The family tried their best to act nonchalant as they slowly escaped into the house.
"Gee, thanks! But really, not tonight. Maybe some other time!"
They run inside, slamming the door shut. Bill and Ted, discouraged, walked back to the phone booth where Robin Hood was trying to pick the coin box.
"That was a most non-triumphant waste of time!" Ted moaned.
"Indeed.... no actors and no Orson Welles. This is getting us nowhere fast."
Suddenly a loud booming noise exploded above them and another phone booth dropped out of the sky, landing near theirs and startling Robin Hood. The door of the second booth opened and Rufus stepped out.
"Greetings, my excellent friends! The three headest honchos thought you might be having some trouble. Need some assistance?"
Inside the house, the boy was peering out the window as the father picked up the phone receiver.
"Now there's more of them out there!" the boy reported.
"Don't worry. I'll take care of this!" the father promised, then turned his attention to the phone. "Hello? Get me the police!"
Meanwhile, Bill was explaining their situation to Rufus. "So, you see.... we need some advice on movie making."
"Hmmmm, I see you're problem. I'm afraid I'm not much of a movie expert. The most popular laser-movie rental of our time is the Back to the Future trilogy."
"Whoa!" Ted exclaimed with surprise. "Future babes must really like Michael J. Fox!"
"No, but it's a great novelty film. I mean, really! Time travelling in a DeLorian? A car wouldn't even fit into the Circuits of Time!" Rufus turns to leave. "Wish I could help, though."
"Can't ya give us any direction, Rufus?" Bill asked hopefully.
Rufus stopped at the door of his booth and thought for a moment. "Well, if you're talking famous directors, why not try Cecille B. DeMille? He's a pretty famous dude, and he did make some excellent movies!"
"Thanks, dude!" Ted offered gratefully.
A siren could be heard approaching in the distance. Rufus stepped into the booth. "And I suggest you get moving before you're taken in and dissected for scientific purposes!"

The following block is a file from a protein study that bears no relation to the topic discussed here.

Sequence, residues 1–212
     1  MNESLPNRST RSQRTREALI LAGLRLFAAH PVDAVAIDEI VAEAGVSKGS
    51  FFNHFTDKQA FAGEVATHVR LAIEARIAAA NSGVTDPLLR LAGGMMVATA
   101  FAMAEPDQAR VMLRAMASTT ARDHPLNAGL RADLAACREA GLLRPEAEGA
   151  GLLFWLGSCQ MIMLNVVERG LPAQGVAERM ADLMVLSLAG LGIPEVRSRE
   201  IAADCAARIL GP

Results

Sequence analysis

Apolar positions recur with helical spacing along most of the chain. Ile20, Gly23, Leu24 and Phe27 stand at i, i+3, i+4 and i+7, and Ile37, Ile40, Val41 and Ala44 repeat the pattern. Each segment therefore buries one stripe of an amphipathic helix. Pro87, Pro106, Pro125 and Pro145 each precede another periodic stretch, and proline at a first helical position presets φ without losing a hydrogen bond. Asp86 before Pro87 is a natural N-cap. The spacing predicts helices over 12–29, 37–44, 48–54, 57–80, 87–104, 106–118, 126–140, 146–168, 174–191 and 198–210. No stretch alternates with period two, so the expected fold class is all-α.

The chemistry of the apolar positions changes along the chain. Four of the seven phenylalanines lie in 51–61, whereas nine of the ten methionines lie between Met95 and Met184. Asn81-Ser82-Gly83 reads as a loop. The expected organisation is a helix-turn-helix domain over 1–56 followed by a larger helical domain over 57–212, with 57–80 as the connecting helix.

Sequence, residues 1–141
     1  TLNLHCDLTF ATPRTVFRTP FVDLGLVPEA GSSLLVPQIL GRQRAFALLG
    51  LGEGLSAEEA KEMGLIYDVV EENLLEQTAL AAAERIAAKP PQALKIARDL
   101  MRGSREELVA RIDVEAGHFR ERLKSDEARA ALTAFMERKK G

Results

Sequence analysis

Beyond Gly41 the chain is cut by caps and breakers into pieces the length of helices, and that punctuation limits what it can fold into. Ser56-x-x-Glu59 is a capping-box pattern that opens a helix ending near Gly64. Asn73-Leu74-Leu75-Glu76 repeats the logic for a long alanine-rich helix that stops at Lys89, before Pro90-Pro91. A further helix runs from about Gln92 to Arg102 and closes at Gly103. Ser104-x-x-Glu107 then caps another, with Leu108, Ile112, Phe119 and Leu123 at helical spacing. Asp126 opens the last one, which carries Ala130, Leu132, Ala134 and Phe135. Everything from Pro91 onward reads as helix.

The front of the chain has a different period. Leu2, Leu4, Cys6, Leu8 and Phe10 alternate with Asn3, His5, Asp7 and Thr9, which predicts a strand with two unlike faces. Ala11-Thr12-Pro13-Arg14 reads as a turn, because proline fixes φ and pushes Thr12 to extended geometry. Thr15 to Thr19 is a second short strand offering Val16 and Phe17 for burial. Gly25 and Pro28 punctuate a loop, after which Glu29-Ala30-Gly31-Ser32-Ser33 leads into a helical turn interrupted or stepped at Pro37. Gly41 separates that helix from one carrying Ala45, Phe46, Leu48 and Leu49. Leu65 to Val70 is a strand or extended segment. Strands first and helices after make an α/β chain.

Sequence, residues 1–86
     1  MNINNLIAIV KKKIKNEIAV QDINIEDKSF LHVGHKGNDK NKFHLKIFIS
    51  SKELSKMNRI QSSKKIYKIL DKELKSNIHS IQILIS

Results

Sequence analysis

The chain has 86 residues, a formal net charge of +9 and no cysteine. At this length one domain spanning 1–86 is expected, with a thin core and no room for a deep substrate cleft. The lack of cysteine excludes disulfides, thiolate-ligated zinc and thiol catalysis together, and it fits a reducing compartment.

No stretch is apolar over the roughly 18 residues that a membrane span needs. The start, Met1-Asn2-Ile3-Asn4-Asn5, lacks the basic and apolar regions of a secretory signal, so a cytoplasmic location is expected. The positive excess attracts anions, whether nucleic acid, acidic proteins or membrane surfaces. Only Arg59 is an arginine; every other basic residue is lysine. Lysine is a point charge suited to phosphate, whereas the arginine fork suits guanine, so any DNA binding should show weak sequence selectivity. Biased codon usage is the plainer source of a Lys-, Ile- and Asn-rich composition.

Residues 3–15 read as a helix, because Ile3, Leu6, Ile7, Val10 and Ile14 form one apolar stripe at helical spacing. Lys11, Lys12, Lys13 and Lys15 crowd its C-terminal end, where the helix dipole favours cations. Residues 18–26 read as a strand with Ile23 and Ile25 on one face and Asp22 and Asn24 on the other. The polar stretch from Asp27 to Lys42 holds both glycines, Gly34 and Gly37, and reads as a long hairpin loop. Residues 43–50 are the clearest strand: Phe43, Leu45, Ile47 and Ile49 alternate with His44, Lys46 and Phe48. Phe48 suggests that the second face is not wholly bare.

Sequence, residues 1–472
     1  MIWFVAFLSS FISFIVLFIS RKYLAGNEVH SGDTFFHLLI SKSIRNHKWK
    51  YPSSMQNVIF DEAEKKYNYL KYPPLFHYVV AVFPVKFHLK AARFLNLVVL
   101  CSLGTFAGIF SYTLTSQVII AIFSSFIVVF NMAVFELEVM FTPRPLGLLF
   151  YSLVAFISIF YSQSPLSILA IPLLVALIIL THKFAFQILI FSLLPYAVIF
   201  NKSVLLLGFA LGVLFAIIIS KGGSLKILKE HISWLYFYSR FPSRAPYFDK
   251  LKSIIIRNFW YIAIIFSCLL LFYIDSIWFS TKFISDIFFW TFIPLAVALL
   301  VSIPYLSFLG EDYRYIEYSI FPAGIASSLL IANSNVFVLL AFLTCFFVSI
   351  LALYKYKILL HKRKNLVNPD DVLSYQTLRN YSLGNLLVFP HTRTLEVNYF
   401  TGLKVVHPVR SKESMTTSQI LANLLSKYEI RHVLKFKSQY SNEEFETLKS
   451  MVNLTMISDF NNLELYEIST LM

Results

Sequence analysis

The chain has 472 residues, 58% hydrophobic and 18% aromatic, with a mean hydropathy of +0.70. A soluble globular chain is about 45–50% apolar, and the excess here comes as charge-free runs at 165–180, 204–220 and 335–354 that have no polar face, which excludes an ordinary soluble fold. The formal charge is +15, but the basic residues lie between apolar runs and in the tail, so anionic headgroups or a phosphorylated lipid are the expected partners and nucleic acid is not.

Bill looked at Ted with disgust. "That would be most egregious, Ted. We'd best booth!"
Bill and Ted climbed into their booth after Rufus' had disappeared and within a few seconds their booth had vanished only moments before a police car arrived on the scene, screeching to a halt in front of the farmhouse. The family dashed out, pointing to the empty spot where the booth had been standing.
"There they are!" the father yelled. "They're right...... there?"
The policeman stood next to the patrol car, eyeing the family with impatience. "Let me guess.... you're listening to your radio, right?"
The family shared a look of surprise as they glanced back to the house where the radio was blaring.
"....and that brings to a conclusion The Mercury Theaters' adaptation of the H.G. Wells' classic, War of the Worlds."
The family, embarrassed, looked back to the policeman, who was not amused.
Somewhere in California - circa 1939
The phone booth landed with a crash in a small, make-shift dirt parking lot with trailers and movie equipment visible in the background. Bill and Ted exited the booth, followed closely by Robin Hood, who darted from the booth and promptly grabbed hold of a nearby tree.
"That's it! I'm not going anywhere else in that thing! It makes me nauseous!"
"Hood dude, you are a total disgrace to your legendary image! Who would've guessed you would be such a wimp?" Bill scolded.
"Yo, Bill! Check it out! Mr. DeMille must be shooting a movie!"
"Yah! Perhaps he will be able to educate us in the way of the great film-makers so that we, too, may acquire outstanding directing talents!"
"Thus winning back the trust of our history teacher and also acquiring the admiration of the babes in our class!" Ted remarked.
"Excellent!" they exclaimed, and began doing an air-guitar duet when a voice boomed over a megaphone nearby.
"Quiet!!! We're ready to roll!"
Curious, Bill and Ted walked over to where the action was taking place, leaving Robin Hood clinging to the tree.
Upon arriving at the edge of the set, Bill and Ted stood, amazed. The scene set up before them was none other than the driving in of the golden spike. On the clapboard one of the crew was holding it read 'Union Pacific, director DeMille'. The set was somewhat like the actual event, but brighter, fancier and huge. The actors were standing around, waiting to go, but Cecille B. DeMille appeared unhappy. He was holding a megaphone, which he always seemed to talk through while waving his arms about in a frenzy.
"No, no, no! It's not big enough! It's not grand enough!" He turned to talk to his flunky, still screaming through the megaphone into the man's ear, which the flunky seemed
used to. "How many more extras can we get out here by this afternoon?"
"The casting agency says they can provide hundreds of extras in a moment's notice," the flunky reported blandly.
"That's not enough! We need thousands! Get on the phone with Central Casting and see what they can do!"